• I agree. It’s a blog post, not a careful analysis about how self-esteem is related to violence. The post was written to promote self-reflection–how self-esteem is often tied up in social comparison, which fuels envy and rivalry–rather than to articulate a psychological theory.

          That said, I do think there is a connection between self-esteem and violence. I think if you combine the work of Ernest Becker and Rene Girard you get something close to what the post is trying to summarize.

          • Craig

            Richard, like I say, I am refreshed by the spirt of your reflections. I wonder, however, if you would agree with me on the dangers of making too much of motive-questioning, even when such inquiries are primarily self-directed. That is, while the more prevalent tendency is to justify one’s own behavior and motivations, is there not another tendency (less common, but also destructive) to overly moralize common behaviors and motivations? In this post, aren’t you in danger of erring on this side?

            • I’m sure I’m erring in some way. The basic thrust of the whole post (Tony only posted a bit of it) was that we should step away from a self-esteem based upon social-comparison (which fuels envy, jealously, rivalry and, thus, sows the seeds of violence) into a self-esteem rooted in the experience of gratitude and gift.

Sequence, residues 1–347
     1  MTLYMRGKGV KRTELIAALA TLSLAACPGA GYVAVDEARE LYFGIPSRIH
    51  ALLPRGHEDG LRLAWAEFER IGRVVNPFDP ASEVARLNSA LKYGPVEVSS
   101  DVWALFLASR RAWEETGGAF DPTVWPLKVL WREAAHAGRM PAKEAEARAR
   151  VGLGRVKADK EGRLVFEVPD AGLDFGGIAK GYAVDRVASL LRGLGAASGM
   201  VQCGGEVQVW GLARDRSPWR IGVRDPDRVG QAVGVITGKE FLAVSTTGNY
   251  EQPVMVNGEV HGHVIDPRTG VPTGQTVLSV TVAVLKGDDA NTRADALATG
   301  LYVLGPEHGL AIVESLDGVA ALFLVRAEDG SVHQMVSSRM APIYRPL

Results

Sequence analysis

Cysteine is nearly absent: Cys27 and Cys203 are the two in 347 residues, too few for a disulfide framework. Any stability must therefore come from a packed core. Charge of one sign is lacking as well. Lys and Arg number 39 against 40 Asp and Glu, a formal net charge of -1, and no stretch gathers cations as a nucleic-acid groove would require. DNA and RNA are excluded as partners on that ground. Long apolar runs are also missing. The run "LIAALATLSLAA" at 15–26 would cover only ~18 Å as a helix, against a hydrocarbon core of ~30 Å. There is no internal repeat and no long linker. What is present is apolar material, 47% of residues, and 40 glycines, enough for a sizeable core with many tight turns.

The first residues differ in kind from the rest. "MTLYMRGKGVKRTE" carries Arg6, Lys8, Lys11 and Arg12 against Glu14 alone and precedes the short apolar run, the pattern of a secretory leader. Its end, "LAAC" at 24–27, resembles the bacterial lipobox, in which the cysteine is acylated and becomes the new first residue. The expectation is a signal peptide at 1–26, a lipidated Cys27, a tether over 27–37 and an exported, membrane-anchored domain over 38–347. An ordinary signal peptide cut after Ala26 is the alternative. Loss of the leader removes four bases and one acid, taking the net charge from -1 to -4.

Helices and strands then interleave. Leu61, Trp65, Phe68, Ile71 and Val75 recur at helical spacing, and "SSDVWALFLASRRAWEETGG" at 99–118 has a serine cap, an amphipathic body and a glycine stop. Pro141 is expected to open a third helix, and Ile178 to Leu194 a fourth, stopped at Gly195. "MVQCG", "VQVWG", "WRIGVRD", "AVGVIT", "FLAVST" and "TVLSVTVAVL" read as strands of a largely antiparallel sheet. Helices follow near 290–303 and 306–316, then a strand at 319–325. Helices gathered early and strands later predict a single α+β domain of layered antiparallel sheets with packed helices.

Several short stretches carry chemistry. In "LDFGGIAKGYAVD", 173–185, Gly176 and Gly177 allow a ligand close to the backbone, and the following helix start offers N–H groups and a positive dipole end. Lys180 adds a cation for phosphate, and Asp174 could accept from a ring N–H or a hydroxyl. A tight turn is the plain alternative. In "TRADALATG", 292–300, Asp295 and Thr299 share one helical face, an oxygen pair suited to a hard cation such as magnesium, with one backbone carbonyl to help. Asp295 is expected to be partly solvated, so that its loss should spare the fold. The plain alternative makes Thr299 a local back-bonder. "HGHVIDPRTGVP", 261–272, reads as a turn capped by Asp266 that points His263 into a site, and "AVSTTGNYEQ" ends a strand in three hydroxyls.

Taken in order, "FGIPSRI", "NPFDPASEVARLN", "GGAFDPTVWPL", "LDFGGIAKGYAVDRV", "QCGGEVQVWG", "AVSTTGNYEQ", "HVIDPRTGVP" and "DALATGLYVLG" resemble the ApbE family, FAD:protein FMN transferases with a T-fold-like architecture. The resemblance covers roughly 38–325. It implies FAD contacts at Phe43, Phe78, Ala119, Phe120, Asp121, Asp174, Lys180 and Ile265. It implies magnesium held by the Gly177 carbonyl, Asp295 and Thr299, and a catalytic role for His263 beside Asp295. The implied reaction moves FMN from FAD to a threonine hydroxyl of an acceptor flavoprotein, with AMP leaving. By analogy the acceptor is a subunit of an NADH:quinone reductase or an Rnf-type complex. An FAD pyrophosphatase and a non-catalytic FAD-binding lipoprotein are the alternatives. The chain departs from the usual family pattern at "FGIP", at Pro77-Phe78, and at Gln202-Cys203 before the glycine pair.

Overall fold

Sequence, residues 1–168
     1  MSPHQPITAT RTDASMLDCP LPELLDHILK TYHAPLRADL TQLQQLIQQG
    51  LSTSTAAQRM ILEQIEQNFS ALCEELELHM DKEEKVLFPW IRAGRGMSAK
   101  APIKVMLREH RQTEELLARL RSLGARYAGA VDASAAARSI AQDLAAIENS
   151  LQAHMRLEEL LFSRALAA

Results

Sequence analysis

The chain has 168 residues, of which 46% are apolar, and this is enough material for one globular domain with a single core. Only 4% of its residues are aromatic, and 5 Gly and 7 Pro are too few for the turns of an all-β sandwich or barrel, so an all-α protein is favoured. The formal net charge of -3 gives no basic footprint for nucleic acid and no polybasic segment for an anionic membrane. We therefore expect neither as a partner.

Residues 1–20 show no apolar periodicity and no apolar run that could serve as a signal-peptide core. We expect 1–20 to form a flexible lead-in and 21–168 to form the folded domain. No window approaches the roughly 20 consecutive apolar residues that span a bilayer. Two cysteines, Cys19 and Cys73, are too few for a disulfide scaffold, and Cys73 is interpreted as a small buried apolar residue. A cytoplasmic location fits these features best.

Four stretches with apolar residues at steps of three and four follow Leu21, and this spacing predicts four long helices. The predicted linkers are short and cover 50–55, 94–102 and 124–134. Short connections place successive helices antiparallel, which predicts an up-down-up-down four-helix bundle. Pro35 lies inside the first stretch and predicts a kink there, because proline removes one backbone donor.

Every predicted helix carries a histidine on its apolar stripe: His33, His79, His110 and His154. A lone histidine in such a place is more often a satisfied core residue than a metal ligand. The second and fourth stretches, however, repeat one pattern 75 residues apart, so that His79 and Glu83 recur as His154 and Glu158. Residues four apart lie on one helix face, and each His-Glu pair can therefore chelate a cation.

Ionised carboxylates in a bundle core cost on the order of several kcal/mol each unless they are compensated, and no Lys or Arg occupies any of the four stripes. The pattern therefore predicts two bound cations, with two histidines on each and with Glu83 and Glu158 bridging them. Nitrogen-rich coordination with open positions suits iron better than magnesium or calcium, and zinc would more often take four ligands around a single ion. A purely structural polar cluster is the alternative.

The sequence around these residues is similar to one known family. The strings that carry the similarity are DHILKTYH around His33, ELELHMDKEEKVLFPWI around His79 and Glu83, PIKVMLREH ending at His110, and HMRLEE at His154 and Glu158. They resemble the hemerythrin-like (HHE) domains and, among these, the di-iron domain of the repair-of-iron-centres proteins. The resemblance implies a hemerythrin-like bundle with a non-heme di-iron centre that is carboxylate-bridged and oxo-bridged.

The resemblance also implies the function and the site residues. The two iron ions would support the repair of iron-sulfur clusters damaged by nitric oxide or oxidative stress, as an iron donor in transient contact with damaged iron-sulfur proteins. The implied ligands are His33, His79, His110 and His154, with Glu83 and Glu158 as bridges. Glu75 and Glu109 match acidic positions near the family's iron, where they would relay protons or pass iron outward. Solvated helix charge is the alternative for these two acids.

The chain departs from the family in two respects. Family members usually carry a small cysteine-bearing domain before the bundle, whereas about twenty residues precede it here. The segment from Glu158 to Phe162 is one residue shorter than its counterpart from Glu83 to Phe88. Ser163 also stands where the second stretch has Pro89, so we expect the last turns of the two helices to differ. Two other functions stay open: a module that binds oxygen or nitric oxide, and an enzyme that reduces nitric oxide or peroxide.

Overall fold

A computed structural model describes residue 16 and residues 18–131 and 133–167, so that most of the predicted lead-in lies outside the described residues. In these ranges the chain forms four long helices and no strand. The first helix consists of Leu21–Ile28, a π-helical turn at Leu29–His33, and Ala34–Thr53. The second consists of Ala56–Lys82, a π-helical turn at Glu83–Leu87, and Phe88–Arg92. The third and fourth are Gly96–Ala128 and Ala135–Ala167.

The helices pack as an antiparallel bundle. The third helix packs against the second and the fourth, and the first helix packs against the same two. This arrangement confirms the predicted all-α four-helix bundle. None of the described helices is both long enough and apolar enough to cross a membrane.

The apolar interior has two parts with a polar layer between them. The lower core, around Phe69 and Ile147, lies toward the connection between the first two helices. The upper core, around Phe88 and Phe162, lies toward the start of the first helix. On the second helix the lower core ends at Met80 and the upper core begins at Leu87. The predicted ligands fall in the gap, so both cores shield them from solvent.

I’m sure there is a lot wrong and overly simplistic about all that, but I’d stand by it as a general point.

              Incidentally, the general thrust of the post is much more Buddhist than Christian, in my opinion. The stepping away from a self based upon “valuation” (my focus was on social and self valuations) into anatta, or kenosis for Christians.

              • Craig

                The basic thrust is interesting and important. It strikes deep. I wonder, however, about the extent to which we should (try to) avoid/replace self-esteem based upon social comparisons and valuations (interpersonally comparative or otherwise) of the self. If, e.g., it is replaced entirely with self-esteem rooted in gratitude, I suspect it could result in an overly servile frame of mind (servility, I take it, can be a vice). There has to be appropriate kinds of self-“valuation”.